The goal of the federal antitrust laws generally is the enhancement of competition. Martin B. Glauser Dodge Co. v. Chrysler Corp., 570 F.2d 72, 81 (3d Cir. 1977), cert. denied, 436 U.S. 913, 56 L. Ed. 2d 413, 98 S. Ct. 2253 (1978). The goal of Section 1 specifically is the prevention of any diminution of competition in the marketing of goods or services. Kalmanovitz v. G. Heileman Brewing Co., 769 F.2d 152, 156 (3d Cir. 1985). Although an individual business has standing to sue under the Sherman Act for injuries it sustained to its own business, the antitrust laws were not enacted simply to protect such discreet, individual business interests. "The antitrust laws were enacted for the protection of competition, not competitors" Brunswick Corp. v. Pueblo Bowl-O-Mat, Inc., 429 U.S. 477, 488, 50 L. Ed. 2d 701, 97 S. Ct. 690 (1977) (emphasis added) (quoting Brown Shoe Co. v. United States, 370 U.S. 294, 320, 8 L. Ed. 2d 510, 82 S. Ct. 1502 (1962)).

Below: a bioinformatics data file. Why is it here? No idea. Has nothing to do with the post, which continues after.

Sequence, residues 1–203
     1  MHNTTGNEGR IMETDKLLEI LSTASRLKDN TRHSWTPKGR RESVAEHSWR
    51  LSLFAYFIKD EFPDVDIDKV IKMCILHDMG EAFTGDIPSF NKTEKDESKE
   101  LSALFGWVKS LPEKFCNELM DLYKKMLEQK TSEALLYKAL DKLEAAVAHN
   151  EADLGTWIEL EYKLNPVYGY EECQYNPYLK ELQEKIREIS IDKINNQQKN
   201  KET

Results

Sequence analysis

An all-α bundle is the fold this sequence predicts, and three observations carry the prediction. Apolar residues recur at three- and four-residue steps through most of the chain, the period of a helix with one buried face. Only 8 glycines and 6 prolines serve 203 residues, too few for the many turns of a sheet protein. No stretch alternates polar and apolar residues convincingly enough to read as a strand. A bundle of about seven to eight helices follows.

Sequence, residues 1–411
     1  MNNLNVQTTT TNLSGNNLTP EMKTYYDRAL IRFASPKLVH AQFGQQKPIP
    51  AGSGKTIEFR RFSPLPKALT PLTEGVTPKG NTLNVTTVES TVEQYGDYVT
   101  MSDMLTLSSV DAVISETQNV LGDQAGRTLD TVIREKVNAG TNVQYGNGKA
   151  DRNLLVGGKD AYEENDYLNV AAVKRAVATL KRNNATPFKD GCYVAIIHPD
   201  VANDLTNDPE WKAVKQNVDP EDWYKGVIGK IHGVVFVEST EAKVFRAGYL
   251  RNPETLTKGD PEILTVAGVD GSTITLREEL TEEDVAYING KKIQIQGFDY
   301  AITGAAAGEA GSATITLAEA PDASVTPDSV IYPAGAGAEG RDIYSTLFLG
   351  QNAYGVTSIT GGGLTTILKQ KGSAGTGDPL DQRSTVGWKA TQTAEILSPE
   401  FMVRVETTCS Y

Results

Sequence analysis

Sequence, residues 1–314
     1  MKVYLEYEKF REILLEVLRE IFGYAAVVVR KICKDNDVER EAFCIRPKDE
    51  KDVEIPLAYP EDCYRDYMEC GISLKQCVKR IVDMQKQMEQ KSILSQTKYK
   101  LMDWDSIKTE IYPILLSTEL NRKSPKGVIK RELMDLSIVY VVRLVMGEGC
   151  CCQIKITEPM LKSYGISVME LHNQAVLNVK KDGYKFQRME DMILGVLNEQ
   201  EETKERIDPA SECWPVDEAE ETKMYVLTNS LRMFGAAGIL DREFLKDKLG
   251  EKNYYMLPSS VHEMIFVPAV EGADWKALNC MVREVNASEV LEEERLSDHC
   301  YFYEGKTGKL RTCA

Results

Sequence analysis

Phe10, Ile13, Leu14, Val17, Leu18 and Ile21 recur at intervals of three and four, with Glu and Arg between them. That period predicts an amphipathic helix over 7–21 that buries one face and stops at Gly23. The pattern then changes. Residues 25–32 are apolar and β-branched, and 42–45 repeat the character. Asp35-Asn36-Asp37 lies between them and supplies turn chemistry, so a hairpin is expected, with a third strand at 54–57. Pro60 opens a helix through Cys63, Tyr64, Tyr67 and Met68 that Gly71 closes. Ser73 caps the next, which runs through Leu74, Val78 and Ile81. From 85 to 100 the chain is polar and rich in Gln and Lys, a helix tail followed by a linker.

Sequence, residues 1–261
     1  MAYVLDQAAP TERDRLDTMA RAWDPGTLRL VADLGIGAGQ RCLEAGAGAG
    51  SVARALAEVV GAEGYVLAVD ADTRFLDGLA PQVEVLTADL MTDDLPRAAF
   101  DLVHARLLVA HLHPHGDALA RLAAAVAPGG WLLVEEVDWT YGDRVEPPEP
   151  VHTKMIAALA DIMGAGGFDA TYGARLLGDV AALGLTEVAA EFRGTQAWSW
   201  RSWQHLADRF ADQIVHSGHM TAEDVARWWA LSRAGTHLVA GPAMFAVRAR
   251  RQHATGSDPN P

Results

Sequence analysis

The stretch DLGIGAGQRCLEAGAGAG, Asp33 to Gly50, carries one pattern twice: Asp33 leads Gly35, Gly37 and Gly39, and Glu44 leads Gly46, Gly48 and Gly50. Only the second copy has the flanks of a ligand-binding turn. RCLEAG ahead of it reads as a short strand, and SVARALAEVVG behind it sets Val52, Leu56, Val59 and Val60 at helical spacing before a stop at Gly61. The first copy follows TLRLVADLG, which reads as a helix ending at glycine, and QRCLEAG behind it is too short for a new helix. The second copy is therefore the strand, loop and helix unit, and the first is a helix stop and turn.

Accordingly, an antitrust plaintiff is required to prove more than just its business' injury. To recover under Section 1, a plaintiff must prove that the defendants' conspiracy produced adverse, anti-competitive effects within relevant product and geographic markets.
Tunis Bros. Co. v. Ford Motor Co., 763 F.2d 1482, 1489 (3d Cir. 1985), vacated on other grounds, 475 U.S. 1105, 106 S. Ct. 1509, 89 L. Ed. 2d 909 (1986); Martin B. Glauser Dodge Co., 570 F.2d at 81. Accord Seaboard Supply Co. v. Congoleum Corp., 770 F.2d 367, 375 (3d Cir. 1985). The plaintiff has the burden of demonstrating that the defendants' conspiracy, in some substantial way, "either did or could affect interstate commerce by controlling market prices, imposing undue limitations on competitive conditions, or unreasonably restricting competitive opportunity." Sitkin Smelting & Refining Co. v. FMC Corp., 575 F.2d 440, 447 (3d Cir.), cert. denied, 439 U.S. 866, 58 L. Ed. 2d 176, 99 S. Ct. 191 (1978). Accord Apex Hosiery Co. v. Leader, 310 U.S. 469, 493, n.15, 84 L. Ed. 1311, 60 S. Ct. 982 (1940) (Sherman Act designed to prevent restraints of trade which have significant effect on business competition).